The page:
"No shacks but countless fine homes. I live in the Annapolis Valley, where there are a lot of poverty and rundown shacks. The average wage is less than $30K."

I told him that the average income in Newfoundland was also less than $30,000, but for most Newfoundlanders living outside the urban areas, their land and homes have been in their families for generations, so many are relatively mortgage free. They also take great pride in their homes and are resourceful enough to maintain them, regardless of how modest they may be.

The stigma of being a "have" and "have not" province as it applies to equalization benefits has always been a narrow-minded media/politico simplification based on the assumption that the only value a province had was how much revenue it generated for the national coffers.

I’ve been to Alberta, and by my definition and what I value, it is most definitely a "have not" province, regardless of how much money is in the provincial coffers.

Equalization is not welfare. It was brought in by the federal government in 1959 in an attempt to ensure that all Canadians had a somewhat equal standard of living when it came to education, health care and civil infrastructure.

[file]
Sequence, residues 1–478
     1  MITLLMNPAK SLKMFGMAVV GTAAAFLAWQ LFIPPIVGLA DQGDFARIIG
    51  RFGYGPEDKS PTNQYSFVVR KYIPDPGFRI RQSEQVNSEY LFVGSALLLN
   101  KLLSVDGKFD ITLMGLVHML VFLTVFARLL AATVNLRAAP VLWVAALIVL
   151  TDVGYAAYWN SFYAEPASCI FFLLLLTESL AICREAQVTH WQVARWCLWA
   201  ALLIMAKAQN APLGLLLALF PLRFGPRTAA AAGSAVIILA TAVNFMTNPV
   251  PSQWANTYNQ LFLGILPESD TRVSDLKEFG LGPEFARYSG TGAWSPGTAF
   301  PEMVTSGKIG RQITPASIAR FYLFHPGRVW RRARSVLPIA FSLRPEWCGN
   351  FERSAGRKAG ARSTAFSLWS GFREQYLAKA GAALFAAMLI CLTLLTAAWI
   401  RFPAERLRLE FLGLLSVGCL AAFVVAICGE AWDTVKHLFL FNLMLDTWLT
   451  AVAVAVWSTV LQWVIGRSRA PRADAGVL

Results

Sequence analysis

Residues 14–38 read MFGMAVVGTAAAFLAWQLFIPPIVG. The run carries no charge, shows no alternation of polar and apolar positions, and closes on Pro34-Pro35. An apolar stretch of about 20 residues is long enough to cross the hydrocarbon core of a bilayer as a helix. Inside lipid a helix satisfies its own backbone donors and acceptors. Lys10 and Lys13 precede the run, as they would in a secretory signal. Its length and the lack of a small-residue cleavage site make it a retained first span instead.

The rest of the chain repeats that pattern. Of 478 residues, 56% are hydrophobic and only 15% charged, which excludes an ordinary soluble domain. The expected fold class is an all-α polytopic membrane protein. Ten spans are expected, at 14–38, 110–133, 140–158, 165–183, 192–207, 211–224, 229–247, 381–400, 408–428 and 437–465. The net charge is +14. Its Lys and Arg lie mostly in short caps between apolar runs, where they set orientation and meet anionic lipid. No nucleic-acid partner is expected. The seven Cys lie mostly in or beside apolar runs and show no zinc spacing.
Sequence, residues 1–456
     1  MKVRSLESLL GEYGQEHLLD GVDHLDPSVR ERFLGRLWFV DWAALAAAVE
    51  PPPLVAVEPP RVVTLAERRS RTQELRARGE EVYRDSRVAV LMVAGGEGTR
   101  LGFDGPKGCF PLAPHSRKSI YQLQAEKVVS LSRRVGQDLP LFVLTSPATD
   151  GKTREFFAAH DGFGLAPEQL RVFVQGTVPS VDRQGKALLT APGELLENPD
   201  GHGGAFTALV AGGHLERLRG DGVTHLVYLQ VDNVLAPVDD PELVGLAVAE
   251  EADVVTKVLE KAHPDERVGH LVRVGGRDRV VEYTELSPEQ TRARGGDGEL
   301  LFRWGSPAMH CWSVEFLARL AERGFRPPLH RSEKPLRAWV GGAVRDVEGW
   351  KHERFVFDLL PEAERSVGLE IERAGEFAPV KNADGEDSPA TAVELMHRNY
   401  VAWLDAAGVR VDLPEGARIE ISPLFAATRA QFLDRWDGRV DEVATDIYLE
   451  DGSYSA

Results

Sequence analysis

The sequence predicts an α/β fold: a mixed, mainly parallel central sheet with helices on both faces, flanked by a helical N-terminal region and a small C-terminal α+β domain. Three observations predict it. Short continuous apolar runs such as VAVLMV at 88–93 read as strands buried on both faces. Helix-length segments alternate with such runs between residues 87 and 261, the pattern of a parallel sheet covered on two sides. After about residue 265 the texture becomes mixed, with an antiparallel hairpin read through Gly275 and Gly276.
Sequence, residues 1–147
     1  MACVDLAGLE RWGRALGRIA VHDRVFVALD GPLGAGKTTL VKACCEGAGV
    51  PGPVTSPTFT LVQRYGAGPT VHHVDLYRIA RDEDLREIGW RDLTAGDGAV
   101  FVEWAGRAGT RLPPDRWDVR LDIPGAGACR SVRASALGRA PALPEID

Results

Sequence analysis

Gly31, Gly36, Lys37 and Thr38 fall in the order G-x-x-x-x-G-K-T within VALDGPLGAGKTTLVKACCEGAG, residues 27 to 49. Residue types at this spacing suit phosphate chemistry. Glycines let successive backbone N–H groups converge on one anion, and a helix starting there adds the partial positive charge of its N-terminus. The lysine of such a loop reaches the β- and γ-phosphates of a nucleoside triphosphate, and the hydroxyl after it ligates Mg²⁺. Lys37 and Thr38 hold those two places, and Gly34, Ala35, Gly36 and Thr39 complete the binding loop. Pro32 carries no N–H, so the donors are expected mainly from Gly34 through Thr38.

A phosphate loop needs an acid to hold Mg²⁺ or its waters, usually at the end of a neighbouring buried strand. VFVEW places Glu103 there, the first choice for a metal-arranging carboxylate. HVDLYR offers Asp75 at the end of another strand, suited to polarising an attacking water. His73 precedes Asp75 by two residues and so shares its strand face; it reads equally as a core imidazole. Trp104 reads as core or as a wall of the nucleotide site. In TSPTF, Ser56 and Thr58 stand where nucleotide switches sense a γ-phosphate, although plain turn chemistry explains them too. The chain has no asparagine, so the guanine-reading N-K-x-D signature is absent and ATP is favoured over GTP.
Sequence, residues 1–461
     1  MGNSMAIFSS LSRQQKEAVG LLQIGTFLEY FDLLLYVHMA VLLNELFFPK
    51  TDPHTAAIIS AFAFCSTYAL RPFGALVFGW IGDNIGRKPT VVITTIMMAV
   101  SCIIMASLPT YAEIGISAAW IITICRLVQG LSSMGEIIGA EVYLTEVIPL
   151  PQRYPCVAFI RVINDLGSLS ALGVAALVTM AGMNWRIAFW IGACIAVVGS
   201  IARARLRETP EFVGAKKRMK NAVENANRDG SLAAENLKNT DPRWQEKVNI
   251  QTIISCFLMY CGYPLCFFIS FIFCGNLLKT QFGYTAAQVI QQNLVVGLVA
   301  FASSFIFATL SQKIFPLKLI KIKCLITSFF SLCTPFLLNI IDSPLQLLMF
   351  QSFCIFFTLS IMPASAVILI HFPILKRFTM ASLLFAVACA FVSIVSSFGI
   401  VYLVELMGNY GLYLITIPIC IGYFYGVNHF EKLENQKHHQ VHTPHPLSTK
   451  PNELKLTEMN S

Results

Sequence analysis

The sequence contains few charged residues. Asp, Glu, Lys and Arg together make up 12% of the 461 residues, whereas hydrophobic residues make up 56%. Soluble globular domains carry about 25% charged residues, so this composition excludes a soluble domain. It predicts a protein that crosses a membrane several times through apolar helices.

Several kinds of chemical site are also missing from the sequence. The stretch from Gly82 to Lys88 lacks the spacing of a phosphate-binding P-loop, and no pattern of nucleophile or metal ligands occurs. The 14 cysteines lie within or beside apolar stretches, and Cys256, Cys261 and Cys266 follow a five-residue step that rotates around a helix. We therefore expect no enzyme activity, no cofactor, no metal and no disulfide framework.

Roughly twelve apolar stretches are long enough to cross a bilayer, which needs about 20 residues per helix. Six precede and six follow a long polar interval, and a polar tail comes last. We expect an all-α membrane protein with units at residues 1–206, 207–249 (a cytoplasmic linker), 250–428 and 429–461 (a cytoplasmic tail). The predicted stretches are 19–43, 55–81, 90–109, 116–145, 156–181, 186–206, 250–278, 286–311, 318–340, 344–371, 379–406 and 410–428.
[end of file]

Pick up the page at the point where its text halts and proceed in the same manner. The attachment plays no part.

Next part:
The money for equalization comes from federal revenues generated in every province.

Using a somewhat convoluted formula, the federal money then goes to provinces that are deemed to need it to maintain some semblance of a national standard for its residents. Does it work? As the car ads say, Your mileage may vary.

How ironic then that Canada’s richest and most "have" province, Alberta, charges people for their provincial health cards, has outrageous school and property taxes at the local level, and has some of the worst roads I have ever driven — and I crossed the country just last year.

Somehow, Newfoundland and Quebec, chronic "have not" provinces, are able to provide free education, health care, and even subsidized child care, in the case of Quebec.

I guess it depends on your priorities and values, and by extension politics, as to what you judge to be "have" and "have not."